Clinton close to victory as trial heads for early finish

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AS THE US Senate continued deliberations behind closed doors yesterday, President Bill Clinton appeared to be cruising to a convincing victory in the final vote, which could be as early as today.

At least three Republicans broke the confidentiality of the Senate chamber to say they would vote against both articles of impeachment, raising the possibility that neither would attract even a simple majority.

Republican hopes of the two-thirds majority - 67 votes - needed to convict were dashed long since. But Republicans had hoped for a simple majority on one count or other as a way to salvage some pride.

Arlen Specter, of Pennsylvania, said the charges - perjury and obstruction of justice - were not proven, so he had to vote to acquit. He said many Republicans would concur. One was James Jeffords, of Vermont, one of the "moderate" Republicans courted by Democrats, who said that, while Mr Clinton had committed "shameful acts", they "do not reach the high standard of impeachment". The third Republican to break ranks was John Chafee, of Rhode Island.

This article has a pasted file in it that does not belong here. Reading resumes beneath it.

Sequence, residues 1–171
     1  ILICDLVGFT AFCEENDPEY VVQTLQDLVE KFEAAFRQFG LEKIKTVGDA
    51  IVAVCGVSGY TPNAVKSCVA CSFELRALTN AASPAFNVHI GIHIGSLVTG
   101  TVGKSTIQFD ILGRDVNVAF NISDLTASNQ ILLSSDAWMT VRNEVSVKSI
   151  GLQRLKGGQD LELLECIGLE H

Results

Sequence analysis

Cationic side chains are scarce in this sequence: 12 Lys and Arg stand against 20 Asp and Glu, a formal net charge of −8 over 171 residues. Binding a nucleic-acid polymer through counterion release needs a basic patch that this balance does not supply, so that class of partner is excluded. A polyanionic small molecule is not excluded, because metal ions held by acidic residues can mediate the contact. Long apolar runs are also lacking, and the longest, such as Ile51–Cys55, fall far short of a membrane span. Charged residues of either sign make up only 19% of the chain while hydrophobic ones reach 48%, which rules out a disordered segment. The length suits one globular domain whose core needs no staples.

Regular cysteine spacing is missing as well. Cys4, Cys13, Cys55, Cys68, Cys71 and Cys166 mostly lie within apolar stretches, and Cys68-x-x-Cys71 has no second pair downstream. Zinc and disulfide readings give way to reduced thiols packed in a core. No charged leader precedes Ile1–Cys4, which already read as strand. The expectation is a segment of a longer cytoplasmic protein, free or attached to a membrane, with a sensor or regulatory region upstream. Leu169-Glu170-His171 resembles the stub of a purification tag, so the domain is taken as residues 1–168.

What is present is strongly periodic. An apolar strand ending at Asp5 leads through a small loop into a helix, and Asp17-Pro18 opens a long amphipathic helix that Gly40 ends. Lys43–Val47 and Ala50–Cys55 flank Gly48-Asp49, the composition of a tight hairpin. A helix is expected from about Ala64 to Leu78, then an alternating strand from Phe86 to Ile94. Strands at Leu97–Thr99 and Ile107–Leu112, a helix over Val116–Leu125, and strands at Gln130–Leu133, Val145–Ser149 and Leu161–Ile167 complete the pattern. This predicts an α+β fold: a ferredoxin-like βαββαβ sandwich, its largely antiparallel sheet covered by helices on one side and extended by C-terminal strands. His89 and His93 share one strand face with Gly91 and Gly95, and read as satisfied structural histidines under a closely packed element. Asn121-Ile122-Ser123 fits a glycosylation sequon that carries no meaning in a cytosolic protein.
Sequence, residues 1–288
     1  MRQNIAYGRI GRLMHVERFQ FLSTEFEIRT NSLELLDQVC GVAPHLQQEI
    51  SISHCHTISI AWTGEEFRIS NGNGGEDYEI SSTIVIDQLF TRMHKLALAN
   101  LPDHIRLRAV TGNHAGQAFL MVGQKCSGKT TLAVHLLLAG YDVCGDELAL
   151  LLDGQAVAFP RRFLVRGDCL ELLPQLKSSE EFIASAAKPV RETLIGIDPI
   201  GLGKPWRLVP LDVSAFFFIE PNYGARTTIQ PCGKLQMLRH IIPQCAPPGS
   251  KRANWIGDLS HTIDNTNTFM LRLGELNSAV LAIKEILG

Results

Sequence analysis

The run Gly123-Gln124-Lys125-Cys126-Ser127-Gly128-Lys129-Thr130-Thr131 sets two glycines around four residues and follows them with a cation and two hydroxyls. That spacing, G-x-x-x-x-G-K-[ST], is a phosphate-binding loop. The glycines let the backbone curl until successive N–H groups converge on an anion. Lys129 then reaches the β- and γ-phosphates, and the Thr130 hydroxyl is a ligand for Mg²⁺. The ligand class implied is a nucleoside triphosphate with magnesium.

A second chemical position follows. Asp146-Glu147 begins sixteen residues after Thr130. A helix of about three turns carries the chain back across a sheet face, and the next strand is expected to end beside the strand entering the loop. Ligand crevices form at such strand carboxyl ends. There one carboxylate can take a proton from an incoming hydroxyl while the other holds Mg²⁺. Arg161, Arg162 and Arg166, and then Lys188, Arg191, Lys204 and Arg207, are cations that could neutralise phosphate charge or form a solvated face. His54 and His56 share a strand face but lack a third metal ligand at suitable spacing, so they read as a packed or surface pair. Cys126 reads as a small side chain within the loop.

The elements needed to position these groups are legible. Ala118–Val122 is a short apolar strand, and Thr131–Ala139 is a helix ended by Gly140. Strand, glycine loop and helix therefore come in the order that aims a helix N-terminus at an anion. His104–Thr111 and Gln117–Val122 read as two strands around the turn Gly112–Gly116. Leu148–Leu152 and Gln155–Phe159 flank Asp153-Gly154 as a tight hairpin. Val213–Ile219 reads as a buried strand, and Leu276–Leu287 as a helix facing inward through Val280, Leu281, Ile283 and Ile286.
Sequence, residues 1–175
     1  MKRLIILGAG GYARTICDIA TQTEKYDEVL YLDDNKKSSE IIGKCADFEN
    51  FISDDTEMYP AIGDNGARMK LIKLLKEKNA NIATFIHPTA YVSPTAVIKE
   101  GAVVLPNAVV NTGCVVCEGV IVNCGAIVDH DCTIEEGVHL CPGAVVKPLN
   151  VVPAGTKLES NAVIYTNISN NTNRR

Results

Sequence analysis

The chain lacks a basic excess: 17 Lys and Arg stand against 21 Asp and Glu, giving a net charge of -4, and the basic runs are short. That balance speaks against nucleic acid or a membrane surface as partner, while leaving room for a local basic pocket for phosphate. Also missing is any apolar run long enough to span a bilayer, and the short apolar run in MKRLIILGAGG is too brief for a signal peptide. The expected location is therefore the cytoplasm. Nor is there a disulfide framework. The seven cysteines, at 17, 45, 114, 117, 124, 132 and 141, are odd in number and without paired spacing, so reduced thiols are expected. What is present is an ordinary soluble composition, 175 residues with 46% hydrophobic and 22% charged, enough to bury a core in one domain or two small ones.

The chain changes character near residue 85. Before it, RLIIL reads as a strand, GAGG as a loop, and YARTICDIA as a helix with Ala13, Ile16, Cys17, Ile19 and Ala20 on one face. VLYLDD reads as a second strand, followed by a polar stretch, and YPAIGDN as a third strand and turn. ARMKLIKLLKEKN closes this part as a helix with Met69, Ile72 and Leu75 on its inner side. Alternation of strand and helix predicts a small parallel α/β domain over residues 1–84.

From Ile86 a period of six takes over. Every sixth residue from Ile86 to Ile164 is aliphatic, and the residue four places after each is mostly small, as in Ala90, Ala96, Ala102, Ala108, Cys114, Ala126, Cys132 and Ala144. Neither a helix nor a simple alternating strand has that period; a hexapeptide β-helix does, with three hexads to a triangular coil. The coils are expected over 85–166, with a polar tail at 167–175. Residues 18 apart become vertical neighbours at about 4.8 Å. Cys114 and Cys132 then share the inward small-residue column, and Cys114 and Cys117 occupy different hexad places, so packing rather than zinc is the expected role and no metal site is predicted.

The three senators gave reporters advance accounts of their contributions to the final debate, flouting the decision to close the debate to the public.

The Iowa Democrat, Tom Harkin, a sponsor of the failed attempt to open the debate to the public, went one better and delivered his whole speech to reporters.

He excoriated Kenneth Starr as "an out-of-control independent counsel with his own political agenda and a blank cheque to pay for it".

Before yesterday's session Trent Lott, leader of the Republican majority, said he was aiming to set the final vote for 5pm today. This was a day earlier than planned and allowed tomorrow to be held in reserve if there were still senators who were waiting to speak. Each senator had up to 15 minutes but most were said to be ignoring exhortations to speak more briefly.

The White House, sensing that the year-long torment of the President would soon be over, kept a low profile. The spokesman, Joe Lockhart, said they were not counting the votes, just harbouring "a fervent hope" for the President's acquittal. Just to be on the safe side, however, he reiterated Mr Clinton's readiness to accept a motion of censure if the Senate so decided.